With polls showing Republicans well-positioned to win the Senate and gubernatorial contests in both Ohio and Pennsylvania, House Democratic strategists are increasingly worried about the downballot drag the top of the ticket could have in the two battleground states.
Quinnipiac University released polling over the past week that found Republicans ahead by double digits in the gubernatorial races in both states and in the Ohio Senate contest. In the Pennsylvania Senate race, former Rep. Pat Toomey (R) led Rep. Joe Sestak (D) by 7 points in a poll released Wednesday.
Democrats are worried that the enthusiasm gap among voters in the two states could be exacerbated if by Election Day Republicans appear headed for blowout victories in the marquee races.
Theres no question its a problem. When the top of the ticket is hurting, it absolutely makes it more difficult for a Democrat in a swing district to win, said a Democratic strategist who has worked in both states. Voters will be looking at the gubernatorial race and going, If [Ohio Gov. Ted] Strickland is down 10 points, why the heck am I going to go out and vote?
As the party campaign committees decide where to spend and move their money over the next six weeks, their competing interests at different levels House, Senate, governor are likely to be highlighted. Spending at one level could have a big effect on candidates at another.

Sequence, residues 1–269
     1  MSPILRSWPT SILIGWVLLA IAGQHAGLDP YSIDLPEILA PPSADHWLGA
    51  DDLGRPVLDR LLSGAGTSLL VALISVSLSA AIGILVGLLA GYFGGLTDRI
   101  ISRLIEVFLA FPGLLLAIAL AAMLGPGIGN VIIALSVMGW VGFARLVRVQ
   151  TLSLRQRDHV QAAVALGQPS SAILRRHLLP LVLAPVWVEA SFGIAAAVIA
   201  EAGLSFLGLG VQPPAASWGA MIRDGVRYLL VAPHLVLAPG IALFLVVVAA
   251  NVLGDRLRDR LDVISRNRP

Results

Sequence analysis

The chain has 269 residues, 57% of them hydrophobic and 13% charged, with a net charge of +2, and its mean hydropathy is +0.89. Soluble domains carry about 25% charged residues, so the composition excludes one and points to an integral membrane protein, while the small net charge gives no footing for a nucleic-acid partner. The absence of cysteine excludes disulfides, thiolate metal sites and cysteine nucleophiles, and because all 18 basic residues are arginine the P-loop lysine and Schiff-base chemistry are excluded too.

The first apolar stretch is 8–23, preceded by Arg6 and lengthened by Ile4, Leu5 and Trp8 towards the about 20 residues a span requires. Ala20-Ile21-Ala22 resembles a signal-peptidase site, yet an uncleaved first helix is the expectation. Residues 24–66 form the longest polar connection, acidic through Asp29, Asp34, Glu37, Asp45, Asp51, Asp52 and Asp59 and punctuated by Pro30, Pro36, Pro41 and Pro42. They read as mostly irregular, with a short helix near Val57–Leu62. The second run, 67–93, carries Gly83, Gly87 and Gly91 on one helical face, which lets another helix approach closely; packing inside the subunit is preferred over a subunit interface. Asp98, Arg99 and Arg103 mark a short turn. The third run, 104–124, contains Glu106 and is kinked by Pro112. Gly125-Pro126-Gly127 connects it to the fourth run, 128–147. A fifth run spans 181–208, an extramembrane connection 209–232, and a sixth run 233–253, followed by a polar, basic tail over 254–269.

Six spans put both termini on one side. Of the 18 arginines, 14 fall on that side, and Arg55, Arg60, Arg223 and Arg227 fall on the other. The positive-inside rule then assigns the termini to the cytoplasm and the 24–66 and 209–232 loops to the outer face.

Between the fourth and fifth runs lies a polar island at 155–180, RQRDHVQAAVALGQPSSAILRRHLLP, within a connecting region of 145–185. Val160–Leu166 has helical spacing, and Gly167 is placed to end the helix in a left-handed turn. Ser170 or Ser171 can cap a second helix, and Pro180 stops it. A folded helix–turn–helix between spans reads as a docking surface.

Between the two states, there are about 12 Democratic-held House seats that are considered highly competitive.
I think Pennsylvania and Ohio are probably the most brutal states for Democrats this year because they have so much to lose, said Tom Jensen, director of the Democratic firm Public Policy Polling. Republicans may win as many as half the seats they need to pick up the majority in Big Ten states.
In Pennsylvania, Sestak has trailed Toomey in every public poll since mid-July, although Democratic strategists still say the race will tighten as the election nears.
In the gubernatorial race, Attorney General Tom Corbett (R) has led Allegheny County Executive Dan Onorato (D) in every poll, usually by double digits.
At least six Democratic incumbents in the Keystone State face tough re-election races, with Reps. Kathy Dahlkemper and Paul Kanjorski viewed as most vulnerable. Reps. Christopher Carney, Mark Critz, Patrick Murphy and Jason Altmire are in races that both parties are watching to see how they develop.
In Ohio, Lt. Gov. Lee Fisher has trailed former Rep. Rob Portman (R) in the Senate race in every poll since July and by double digits in three of the last six polls. Its nearly the same scenario for Strickland, who is running behind former Rep. John Kasich (R).
In races further down the ballot, freshman Democratic Reps. Mary Jo Kilroy and Steve Driehaus are likely to lose regardless of what happens at the top of the ticket, but Democrats such as Reps. Zack Space and Betty Sutton who are in competitive races but are viewed as having an edge could be swept under by the drag at the top of the ticket.
If Ted Strickland and Lee Fisher lose badly, it will be difficult for Democratic Congressional candidates in closely contested districts to prevail in the state, said Peter Brown, associate polling director at Quinnipiac University. If the Republicans sweep the major statewide offices in Ohio this November, that will obviously deprive them of a governor whose influence can help President Obama carry the key state in 2012.
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